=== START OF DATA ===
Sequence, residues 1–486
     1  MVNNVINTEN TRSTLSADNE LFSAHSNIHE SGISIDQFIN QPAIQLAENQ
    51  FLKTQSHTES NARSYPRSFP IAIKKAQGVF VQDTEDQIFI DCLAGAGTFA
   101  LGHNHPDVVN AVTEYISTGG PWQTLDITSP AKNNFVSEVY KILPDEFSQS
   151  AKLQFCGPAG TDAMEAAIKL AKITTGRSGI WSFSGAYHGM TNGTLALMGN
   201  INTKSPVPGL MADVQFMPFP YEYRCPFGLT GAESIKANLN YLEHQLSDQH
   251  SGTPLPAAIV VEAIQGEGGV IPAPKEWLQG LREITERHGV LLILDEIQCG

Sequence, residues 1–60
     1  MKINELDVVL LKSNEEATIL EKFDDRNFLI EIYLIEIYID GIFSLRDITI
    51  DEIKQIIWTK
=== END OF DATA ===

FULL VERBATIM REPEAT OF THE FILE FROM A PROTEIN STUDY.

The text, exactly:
Sequence, residues 1–486
     1  MVNNVINTEN TRSTLSADNE LFSAHSNIHE SGISIDQFIN QPAIQLAENQ
    51  FLKTQSHTES NARSYPRSFP IAIKKAQGVF VQDTEDQIFI DCLAGAGTFA
   101  LGHNHPDVVN AVTEYISTGG PWQTLDITSP AKNNFVSEVY KILPDEFSQS
   151  AKLQFCGPAG TDAMEAAIKL AKITTGRSGI WSFSGAYHGM TNGTLALMGN
   201  INTKSPVPGL MADVQFMPFP YEYRCPFGLT GAESIKANLN YLEHQLSDQH
   251  SGTPLPAAIV VEAIQGEGGV IPAPKEWLQG LREITERHGV LLILDEIQCG

Sequence, residues 1–60
     1  MKINELDVVL LKSNEEATIL EKFDDRNFLI EIYLIEIYID GIFSLRDITI
    51  DEIKQIIWTK